7. Jupiter has 79 moons and counting

Until recently, Jupiter was widely regarded as the planet of the solar system with the most natural satellites. That’s until 2019, when astronomers affiliated with the Carnegie Institution for Science in Washington DC raised the total number of moons around Saturn to 82, beating Jupiter’s 79.

Almost all of Jupiter’s moons are tiny, with a diameter of less than 10 kilometers. This is also one of the reasons why astronomers are constantly finding new moons around both Jupiter and Saturn.

Jupiter does have some moons that stand out more. These four major moons are collectively known as Galilean Moons. They are Io, Europa, Ganymede, and Callisto. Ganymede, with a diameter of 5,262 km, is actually the largest moon in the solar system. And, who knows, perhaps Jupiter might regain its title as the most moon-populated planet as scientists believe it may have as many as 200 natural satellites orbiting it.

8. And some of these moons may actually be capable of harboring life

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Photo: NPR

The Voyager and Galileo missions that sent spacecraft to Jupiter and its moons found that Europa, one of the biggest moons in the solar system, has a subsurface liquid ocean covered in thick ice. Now, scientists believe that Europa may actually be capable of harboring life since it meets three essential conditions: biochemically useful molecules, a source of energy, and a liquid solvent (water) in which dissolved substances can chemically react with each other.

But to ultimately find life on Europa, we have to get beneath the ice by one day putting a lander on the surface, potentially carrying a submarine.

9. Jupiter has a thin ring system

This wouldn’t be a list of facts about Jupiter without mentioning its rings. Unlike Saturn’s more iconic rings, Jupiter’s are very faint and made of dust rather than ice.

For centuries, these rings were too faint for astronomers to notice. Imagine everyone’s surprise when NASA’s Voyager 1 spacecraft beamed back images of Jupiter’s rings in 1979. The three-ring system begins some 92,000 kilometers above Jupiter’s cloud tops and stretches out to more than 225,000 km from the planet. They are between 2,000 to 12,500 kilometers thick.

10. Its Great Red Spot is actually a planetary-sized storm that has been raging on for centuries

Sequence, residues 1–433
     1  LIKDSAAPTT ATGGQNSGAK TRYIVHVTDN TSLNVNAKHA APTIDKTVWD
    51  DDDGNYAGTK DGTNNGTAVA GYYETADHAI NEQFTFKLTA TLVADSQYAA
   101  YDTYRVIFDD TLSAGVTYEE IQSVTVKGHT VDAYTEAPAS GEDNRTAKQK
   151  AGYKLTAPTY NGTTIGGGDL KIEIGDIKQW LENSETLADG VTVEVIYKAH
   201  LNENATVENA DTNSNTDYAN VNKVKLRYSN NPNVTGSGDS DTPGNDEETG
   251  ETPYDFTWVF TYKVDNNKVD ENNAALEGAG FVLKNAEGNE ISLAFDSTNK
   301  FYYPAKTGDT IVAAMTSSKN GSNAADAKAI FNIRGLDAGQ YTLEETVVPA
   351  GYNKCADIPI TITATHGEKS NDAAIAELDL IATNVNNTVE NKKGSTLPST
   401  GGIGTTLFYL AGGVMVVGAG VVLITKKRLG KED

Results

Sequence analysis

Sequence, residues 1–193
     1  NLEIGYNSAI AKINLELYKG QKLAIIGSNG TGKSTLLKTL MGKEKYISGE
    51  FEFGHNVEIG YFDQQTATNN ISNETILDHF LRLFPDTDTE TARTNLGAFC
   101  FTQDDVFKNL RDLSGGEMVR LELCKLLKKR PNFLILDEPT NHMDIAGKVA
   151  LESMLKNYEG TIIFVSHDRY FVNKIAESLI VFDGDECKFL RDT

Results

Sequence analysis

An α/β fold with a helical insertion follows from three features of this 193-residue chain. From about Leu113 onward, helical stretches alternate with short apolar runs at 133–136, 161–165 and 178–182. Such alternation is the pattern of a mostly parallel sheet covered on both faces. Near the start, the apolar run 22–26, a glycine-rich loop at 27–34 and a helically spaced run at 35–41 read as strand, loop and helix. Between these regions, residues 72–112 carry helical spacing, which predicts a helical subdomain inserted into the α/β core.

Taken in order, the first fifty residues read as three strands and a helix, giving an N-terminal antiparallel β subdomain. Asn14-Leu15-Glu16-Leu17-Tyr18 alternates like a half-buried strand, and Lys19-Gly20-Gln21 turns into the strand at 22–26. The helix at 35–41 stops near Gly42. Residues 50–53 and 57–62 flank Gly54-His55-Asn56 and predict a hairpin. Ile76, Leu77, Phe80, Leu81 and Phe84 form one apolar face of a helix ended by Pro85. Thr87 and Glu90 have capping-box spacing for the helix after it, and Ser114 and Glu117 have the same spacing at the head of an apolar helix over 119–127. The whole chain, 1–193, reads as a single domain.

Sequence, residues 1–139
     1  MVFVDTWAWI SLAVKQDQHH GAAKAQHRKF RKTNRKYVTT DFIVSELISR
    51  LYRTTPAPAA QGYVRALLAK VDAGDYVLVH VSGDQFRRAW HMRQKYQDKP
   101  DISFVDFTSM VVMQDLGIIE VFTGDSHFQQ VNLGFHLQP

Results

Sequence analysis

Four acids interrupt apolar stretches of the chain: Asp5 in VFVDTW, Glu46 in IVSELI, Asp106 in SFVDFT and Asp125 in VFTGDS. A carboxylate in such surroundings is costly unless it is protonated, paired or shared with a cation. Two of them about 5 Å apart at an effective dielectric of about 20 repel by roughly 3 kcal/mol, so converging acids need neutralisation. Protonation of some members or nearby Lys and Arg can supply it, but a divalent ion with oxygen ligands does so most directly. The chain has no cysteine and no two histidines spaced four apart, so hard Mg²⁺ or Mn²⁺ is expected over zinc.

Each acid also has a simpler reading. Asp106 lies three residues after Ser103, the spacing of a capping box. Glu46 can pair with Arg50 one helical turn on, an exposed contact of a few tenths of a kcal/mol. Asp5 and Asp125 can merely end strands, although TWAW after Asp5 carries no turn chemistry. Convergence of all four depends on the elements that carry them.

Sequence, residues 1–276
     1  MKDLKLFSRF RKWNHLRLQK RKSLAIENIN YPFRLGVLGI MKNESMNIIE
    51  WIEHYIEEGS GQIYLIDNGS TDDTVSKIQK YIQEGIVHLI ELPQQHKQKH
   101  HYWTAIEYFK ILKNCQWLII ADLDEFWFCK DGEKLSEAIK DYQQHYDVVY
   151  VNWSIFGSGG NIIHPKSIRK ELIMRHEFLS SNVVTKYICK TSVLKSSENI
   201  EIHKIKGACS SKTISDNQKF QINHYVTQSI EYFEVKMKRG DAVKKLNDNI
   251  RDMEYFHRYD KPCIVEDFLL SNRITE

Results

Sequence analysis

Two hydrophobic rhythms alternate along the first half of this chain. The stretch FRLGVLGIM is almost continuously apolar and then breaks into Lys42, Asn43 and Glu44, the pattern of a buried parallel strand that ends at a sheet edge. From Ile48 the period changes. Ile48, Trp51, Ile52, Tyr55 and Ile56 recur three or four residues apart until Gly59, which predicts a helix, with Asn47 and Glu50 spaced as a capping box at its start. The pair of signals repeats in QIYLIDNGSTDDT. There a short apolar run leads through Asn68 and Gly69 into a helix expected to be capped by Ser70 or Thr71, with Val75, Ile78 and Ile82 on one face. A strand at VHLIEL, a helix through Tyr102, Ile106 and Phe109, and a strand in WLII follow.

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Great Red Spot powers up the heat on Jupiter. Photo: Physics World

In 1665, famed Italian astronomer Giovanni Cassini observed a huge blemish south of Jupiter’s equator. This ‘Great Red Spot’, as it’s still called today, has been the subject of contention among astronomers for centuries. Some have proposed that the feature, which is large enough to contain 2-3 planets the size of Earth’s diameter, is a huge storm. This is indeed the case, NASA scientists found after the Voyager 1 mission completed a flyby of the planet in 1979.

11. Jupiter has been visited 7 times by spacecraft

Jupiter was first visited by NASA’s Pioneer 10 spacecraft in December 1973, and then Pioneer 11 in December 1974. Then came the Voyager 1 and 2 flybys, both of which happened in 1979. This was followed by a long break until Ulysses arrived in February 1992, followed by the Galileo space probe in 1995. Then Cassini made a flyby in 2000, on its way to Saturn. And finally, NASA’s New Horizons spacecraft made its flyby in 2007. This was the last mission to fly past Jupiter, but it surely won’t be the last.

You Can See Jupiter With Your Own Eyes:

Jupiter is the third brightest object in the Solar System, after Venus and the Moon. Chances are, you saw Jupiter in the sky, and had no idea that’s what you were seeing. And here at Universe Today, we are in the habit of letting readers know when the best opportunities for spotting Jupiter in the night sky are.

Chances are, if you see a really bright star high in the sky, then you’re looking at Jupiter. Get your hands on a pair of binoculars, and if you know someone with a telescope, that’s even better. Using even modest magnification, you might even spot small specks of light orbiting it, which are its Galilean Moons. Just think, you’ll be seeing precisely what Galileo did when he gazed at the planet in 1610.